Education

   As a multi-generation Nevada, schooling in both undergraduate and graduate school within Nevada was important to Judge Bluth.  She attended college at the University of Nevada, Reno.  Due to her academic achievements in high school she was gifted a full ride scholarship to the University.  At UNR, Judge Bluth was very involved in the criminal justice department.  She volunteered and worked under Professor Matt Leone who was working on a national study regarding criminal justice programs across the United States.  Through this position, she contacted different criminal justice departments at various colleges across the country gathering information and statistics.  This allowed Judge Bluth the opportunity to network with individuals in other criminal justice departments across the country and see how their departments worked in comparison with that of UNR.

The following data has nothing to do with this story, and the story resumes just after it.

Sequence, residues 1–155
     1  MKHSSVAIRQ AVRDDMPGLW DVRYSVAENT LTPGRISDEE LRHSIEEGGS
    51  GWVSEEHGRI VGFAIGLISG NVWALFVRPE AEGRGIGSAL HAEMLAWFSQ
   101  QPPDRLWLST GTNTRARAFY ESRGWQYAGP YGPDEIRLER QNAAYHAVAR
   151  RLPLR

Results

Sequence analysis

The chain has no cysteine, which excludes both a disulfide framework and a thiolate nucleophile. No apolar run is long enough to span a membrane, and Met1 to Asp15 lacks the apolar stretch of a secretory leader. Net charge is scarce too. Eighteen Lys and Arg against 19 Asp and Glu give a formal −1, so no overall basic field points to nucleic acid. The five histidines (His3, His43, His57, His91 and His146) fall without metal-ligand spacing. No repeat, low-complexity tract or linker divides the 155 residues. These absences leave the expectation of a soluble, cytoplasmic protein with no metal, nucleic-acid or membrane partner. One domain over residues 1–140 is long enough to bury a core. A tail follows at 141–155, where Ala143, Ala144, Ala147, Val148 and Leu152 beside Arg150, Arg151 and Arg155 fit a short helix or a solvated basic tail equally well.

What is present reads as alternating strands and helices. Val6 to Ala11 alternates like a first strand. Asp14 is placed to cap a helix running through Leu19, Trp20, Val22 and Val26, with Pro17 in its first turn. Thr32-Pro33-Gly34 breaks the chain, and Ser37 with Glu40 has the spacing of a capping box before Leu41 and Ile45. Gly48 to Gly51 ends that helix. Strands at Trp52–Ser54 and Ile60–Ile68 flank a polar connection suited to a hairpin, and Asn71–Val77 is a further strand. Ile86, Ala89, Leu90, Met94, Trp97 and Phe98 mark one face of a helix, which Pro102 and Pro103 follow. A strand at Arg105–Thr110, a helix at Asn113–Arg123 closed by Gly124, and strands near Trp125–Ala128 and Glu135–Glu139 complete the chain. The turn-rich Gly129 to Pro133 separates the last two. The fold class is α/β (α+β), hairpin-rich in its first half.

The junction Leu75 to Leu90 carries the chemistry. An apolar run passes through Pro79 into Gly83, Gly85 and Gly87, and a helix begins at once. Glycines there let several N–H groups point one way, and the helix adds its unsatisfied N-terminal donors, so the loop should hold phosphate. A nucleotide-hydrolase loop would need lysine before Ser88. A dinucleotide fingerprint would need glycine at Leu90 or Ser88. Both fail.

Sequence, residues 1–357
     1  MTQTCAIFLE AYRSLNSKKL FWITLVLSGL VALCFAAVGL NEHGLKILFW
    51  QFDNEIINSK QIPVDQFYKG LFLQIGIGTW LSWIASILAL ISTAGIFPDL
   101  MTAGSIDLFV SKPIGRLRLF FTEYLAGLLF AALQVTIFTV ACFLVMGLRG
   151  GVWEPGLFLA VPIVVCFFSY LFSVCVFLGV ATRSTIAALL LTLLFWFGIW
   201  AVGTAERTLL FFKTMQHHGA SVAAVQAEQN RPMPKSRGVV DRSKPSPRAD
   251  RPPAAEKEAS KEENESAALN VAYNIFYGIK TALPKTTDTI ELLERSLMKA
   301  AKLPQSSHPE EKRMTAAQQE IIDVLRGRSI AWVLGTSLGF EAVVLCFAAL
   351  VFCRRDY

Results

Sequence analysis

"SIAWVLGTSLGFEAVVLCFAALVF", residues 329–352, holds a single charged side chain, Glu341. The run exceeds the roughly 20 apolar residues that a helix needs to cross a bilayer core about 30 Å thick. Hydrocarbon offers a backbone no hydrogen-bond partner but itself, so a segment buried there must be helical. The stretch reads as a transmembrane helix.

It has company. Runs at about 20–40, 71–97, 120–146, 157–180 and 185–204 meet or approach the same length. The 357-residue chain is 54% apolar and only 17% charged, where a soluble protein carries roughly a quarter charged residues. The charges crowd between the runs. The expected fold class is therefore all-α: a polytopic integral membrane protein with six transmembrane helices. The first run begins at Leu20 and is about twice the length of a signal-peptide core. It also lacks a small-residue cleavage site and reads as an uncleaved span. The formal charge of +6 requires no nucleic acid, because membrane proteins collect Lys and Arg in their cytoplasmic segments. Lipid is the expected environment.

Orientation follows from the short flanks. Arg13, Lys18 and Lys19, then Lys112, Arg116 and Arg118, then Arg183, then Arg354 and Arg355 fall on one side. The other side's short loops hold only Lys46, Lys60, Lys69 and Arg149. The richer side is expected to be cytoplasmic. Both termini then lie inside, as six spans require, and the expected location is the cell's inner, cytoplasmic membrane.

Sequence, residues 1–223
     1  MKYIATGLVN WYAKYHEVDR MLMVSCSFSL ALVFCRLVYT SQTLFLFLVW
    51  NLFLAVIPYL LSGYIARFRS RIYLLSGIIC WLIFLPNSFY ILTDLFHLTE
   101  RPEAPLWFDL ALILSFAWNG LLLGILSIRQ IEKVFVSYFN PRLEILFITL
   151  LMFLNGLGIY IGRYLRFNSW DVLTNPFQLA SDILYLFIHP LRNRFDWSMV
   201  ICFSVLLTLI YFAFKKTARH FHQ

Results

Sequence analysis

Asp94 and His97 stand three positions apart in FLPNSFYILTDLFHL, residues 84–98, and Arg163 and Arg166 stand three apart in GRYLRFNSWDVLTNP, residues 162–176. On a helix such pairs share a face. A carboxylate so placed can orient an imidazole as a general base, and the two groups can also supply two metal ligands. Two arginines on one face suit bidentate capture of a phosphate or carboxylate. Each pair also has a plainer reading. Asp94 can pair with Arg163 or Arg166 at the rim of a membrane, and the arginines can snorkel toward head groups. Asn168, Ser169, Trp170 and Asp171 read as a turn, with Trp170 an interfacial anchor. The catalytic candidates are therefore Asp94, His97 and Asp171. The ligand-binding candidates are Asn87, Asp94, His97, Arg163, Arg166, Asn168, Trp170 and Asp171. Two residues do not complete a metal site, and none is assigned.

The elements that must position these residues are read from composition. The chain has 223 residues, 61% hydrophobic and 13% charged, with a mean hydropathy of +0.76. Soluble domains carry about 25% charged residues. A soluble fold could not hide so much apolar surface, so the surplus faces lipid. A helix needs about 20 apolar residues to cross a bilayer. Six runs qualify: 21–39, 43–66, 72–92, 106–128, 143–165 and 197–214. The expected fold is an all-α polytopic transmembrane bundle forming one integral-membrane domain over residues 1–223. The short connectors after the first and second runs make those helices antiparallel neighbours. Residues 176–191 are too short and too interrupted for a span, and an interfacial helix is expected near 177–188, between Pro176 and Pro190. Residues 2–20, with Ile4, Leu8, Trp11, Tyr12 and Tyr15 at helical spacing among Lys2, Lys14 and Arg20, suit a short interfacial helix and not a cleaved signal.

While in college, Judge Buth worked alongside her father, William C. Jeanney at the law firm of Bradley, Drendel, and Jeanney.  Judge Bluth worked for the firm all four years while also attending college.   As a small child, Judge Bluth knew she wanted to be an attorney, so shortly after graduating high school she began working at this law firm.  While working at the firm, she worked under all five of the firm’s partners.  During this time she watched them in trial, accompanied them to depositions, arbitrations, mediations, and client meetings.  During Judge Bluth’s time at this law practice, attorney Bill Bradley was working as a lobbyist.  Judge Bluth aided him in research on several topics and accompanied him to meetings in Carson City.    Judge Bluth was able to participate in the evolution of a legal concept to a legislative creation, the committee debates, the rewrites, the political maneuvering, and finally law.  This experience was very beneficial to because it was her first insight into politics and how bills are formed, argued, and passed.  It also allowed Judge Bluth the opportunity to meet other lobbyists and legislators.  Lastly, it gave her great reference and guidance as to what legislative intent was and how this must be considered in the law’s application.